According to the American Lighting Association (ALA), with each passing year, everyone requires more light to see properly. Terry McGowan, director of engineering for the ALA, says, “Older eyes experience two important changes.”
First, the amount of light required to sustain visual performance increases with age. Research shows that a 60-year-old needs twice as much light as a 30-year-old. Second, with time, human eyes become more sensitive to glare. This can seem like a bit of a Catch-22, as more light can often result in increased glare. That’s what makes the quality of light more important as you grow older. With many baby boomers reaching their mid-60s, homeowners should consider user age as a factor in their home lighting design. It is easy to enhance the visual performance and enjoyment for baby boomers and older folks with a few simple lighting adjustments:
* Turn on one or two table lamps while watching TV to reduce the contrast between the bright screen and the surrounding darkness.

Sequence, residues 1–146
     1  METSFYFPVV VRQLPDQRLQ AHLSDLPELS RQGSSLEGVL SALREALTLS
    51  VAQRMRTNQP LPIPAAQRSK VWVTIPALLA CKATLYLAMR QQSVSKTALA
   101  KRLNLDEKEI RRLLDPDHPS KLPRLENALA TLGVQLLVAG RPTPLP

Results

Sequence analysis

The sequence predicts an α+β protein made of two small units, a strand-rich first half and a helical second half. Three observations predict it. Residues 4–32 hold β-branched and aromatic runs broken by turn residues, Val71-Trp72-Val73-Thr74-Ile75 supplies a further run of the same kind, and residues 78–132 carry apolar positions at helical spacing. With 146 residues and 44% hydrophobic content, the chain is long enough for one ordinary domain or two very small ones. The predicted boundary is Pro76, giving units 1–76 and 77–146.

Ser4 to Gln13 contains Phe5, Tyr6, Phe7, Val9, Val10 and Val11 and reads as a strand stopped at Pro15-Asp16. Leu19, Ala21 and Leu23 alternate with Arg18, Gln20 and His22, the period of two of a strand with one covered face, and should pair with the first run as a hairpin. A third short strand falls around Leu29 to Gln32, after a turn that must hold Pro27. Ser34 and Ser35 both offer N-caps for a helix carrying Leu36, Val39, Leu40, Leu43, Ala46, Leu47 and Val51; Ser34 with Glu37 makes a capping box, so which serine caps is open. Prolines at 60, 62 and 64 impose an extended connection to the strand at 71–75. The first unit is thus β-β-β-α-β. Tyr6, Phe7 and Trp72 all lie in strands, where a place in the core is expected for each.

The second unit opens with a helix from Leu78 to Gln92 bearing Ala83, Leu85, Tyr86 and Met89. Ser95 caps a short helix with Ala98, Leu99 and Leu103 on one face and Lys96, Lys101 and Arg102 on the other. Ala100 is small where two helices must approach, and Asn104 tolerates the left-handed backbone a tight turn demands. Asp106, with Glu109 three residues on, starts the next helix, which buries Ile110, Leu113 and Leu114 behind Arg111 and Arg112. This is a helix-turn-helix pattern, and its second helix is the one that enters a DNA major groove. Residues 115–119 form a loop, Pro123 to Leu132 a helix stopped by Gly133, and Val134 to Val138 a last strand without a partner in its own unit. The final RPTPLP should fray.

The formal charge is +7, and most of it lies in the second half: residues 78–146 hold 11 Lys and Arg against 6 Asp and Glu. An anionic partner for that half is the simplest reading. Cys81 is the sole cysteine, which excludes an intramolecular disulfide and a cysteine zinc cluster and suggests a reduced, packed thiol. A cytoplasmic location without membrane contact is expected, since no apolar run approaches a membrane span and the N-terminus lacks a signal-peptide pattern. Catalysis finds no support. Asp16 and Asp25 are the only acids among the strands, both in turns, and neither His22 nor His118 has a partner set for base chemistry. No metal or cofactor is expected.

* Use a torchiere for uplighting as well as downward illumination for versatility. Look for a fixture with a separate task light attached or one with a glass bowl at the top to shine some light downward.
* Have a task light that can be directed or pivoted.
In addition to providing sufficient light, proper lighting design is essential to human health. “As people get older, it isn’t just the amount of light, it is also the color of the light and when it is applied, that is key to regulating things such as circadian rhythm and REM sleep cycles,” says McGowan. Growing research indicates that light can impact human health in numerous ways, including susceptibility to Alzheimer’s disease. The question is: What exactly can aging people do to help their eyes and health? The answer, according to McGowan, is to enjoy bright days and dark nights. “If you’re older and don’t sleep very well, expose yourself to bright light, such as daylight, early in the morning … a walk outside will do it … and sleep in a dark room at night. That will do everything required to regulate your circadian rhythm,” says McGowan.